The running time for the recursive calls depends on

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The running time for the recursive calls depends on the strategy used to choose f . If we always choose f = 1 or f = e - 1, then the running time is for all the recursive calls is O ( e 2 log q · L ( p ) 2 ). However, if we use a “balanced” divide-and-conquer strategy, choosing f e/ 2, then we get O ( e log e log q · L ( p ) 2 ). In summary, the total running time is: O (( eq 1 / 2 + e log e log q ) · L ( p ) 2 ) . 54
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8.2.4 Discrete logarithms in Z * p Suppose that we are given a prime p , along with the prime factorization p - 1 = r Y i =1 q e i i , a generator γ for Z * p , and α Z * p . We wish to compute log γ α . Suppose that α = γ x , where 0 x < p - 1. Then for 1 i r , α ( p - 1) /q e i i = γ ( p - 1) /q e i i x . Note that γ ( p - 1) /q e i i has order q e i i , and if x i is the discrete logarithm of α ( p - 1) /q e i i to the base γ ( p - 1) /q e i i , then we have 0 x i < q e i i and x x i (mod q e i i ). Thus, if we compute the values x 1 , . . . , x r , using the algorithm in § 8.2.3, we can obtain x using the algorithm of the Chinese Remainder Theorem. If we define q := max { q i : 1 i r } , then the running time of this algorithm will be bounded by q 1 / 2 L ( p ) O (1) . 8.3 Further remarks One conclusion to be drawn from the observations in this cahpter is that if all the prime factors of p - 1 are “small,” then the discrete logarithm problem in Z * p is “easy.” The algorithm we have presented here is by no means the fastest. The fastest known algorithm for this problem is based on a technique called the number field sieve , and runs in time exp( L ( P ) 1 / 3 (log L ( P )) 2 / 3 ) . While this running time is still larger than any polynomial in L ( P ), it is still much smaller than that of the simple algorithm presented above. Finally, we remark that all of the algorithms presented in this chapter work in any finite cyclic group — we really did not exploit any properties about Z * p other than the fact that it is a cyclic group. However, faster discrete logarithm algorithms, like those mentioned above based on the number field sieve, do not work in an arbitrary finite cyclic group; these algorithms only work for Z * p , and more generally, for K * , where K is a finite field. 55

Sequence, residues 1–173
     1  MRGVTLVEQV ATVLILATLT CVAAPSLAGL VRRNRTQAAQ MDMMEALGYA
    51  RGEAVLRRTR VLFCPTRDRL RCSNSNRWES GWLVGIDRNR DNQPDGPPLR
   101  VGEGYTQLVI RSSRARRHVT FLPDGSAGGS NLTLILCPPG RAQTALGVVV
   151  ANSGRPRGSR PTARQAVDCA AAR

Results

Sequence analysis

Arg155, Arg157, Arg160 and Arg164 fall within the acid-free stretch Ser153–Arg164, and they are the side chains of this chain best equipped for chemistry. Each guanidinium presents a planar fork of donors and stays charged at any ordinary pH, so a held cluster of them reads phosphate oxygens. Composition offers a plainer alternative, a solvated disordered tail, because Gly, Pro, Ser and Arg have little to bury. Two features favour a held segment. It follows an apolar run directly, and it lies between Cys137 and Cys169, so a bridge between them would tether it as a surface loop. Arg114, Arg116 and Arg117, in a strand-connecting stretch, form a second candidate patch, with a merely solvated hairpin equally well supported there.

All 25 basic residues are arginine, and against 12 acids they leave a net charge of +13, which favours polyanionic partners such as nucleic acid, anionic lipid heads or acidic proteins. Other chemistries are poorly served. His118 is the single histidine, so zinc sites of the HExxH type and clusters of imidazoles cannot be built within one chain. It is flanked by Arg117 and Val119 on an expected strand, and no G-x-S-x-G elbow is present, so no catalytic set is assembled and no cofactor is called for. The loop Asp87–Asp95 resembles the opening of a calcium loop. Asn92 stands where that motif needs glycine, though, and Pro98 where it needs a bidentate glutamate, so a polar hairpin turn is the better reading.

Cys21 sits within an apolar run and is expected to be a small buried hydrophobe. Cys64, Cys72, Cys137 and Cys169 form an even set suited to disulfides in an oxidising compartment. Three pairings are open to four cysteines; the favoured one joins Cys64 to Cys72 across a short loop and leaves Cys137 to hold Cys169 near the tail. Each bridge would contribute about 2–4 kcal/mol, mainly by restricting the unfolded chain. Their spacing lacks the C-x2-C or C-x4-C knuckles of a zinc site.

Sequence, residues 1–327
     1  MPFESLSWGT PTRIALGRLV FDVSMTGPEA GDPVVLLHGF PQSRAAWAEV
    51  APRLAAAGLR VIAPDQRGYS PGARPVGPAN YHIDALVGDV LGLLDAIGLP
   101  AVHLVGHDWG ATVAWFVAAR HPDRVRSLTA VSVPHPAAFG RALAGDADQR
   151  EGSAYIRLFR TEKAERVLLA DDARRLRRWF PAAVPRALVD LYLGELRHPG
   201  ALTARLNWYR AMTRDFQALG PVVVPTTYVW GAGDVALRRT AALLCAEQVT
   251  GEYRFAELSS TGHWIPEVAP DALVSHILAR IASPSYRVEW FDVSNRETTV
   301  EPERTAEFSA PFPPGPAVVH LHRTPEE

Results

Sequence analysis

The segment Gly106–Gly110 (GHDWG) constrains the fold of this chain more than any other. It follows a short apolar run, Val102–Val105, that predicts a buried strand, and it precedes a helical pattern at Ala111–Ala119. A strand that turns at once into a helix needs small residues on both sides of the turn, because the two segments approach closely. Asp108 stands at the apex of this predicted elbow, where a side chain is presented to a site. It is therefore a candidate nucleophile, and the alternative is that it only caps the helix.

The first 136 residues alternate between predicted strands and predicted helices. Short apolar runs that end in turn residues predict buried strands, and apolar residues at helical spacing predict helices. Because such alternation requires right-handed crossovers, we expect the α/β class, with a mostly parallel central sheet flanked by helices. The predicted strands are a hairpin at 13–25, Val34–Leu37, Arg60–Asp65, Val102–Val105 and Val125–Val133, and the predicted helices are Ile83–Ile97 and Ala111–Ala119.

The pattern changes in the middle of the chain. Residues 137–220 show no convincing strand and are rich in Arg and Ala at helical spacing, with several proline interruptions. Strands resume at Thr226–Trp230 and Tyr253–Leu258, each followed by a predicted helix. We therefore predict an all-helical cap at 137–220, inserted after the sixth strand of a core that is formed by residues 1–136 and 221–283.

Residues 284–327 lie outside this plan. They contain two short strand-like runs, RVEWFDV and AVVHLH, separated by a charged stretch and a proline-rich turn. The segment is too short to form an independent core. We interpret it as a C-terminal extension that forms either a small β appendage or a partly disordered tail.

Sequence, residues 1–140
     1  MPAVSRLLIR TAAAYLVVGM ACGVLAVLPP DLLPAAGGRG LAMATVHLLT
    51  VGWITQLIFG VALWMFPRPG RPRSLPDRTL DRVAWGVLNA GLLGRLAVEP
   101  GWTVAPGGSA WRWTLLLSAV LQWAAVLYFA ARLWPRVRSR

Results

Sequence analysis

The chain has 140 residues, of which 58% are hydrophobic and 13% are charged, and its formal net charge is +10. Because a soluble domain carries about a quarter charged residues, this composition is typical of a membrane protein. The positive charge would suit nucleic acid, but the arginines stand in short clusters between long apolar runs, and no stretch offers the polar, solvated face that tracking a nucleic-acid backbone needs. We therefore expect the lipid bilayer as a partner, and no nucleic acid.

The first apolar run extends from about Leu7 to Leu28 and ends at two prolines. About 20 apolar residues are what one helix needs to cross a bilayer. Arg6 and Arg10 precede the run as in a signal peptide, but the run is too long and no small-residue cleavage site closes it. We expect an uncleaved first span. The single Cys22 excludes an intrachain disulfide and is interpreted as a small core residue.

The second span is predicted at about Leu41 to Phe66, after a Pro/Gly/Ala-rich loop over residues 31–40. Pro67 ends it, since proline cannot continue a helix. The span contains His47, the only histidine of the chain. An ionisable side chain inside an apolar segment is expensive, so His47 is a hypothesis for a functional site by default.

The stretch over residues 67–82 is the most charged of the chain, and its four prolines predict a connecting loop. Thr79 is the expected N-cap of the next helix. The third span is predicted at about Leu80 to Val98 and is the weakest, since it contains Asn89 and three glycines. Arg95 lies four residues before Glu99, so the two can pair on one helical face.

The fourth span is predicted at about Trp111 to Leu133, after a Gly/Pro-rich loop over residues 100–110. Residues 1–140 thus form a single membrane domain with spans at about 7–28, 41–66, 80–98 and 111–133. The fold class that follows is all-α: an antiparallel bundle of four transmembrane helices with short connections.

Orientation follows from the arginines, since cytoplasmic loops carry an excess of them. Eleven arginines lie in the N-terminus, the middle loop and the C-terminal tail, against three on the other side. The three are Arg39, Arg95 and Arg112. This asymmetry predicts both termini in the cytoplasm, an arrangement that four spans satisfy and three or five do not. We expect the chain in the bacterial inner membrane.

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Chapter 9 Quadratic Residues and Quadratic Reciprocity 9.1 Quadratic Residues For positive integer n , an integer a is called a quadratic residue modulo n if gcd( a, n ) = 1 and x 2 a (mod n ) for some integer x ; in this case, we say that x is a square root of a modulo n . The quadratic residues modulo n correspond exactly to the subgroup of squares ( Z * n ) 2 of Z * n ; that is, a is a quadratic residue modulo n if and only if [ a mod n ] ( Z * n ) 2 . Let us first consider the case where n = p , where p is an odd prime. In this case, we know that Z * p is cyclic of order p - 1. Recall that the subgroups any finite cyclic group are in one-to-one correspondence with the divisors of the order of the group.
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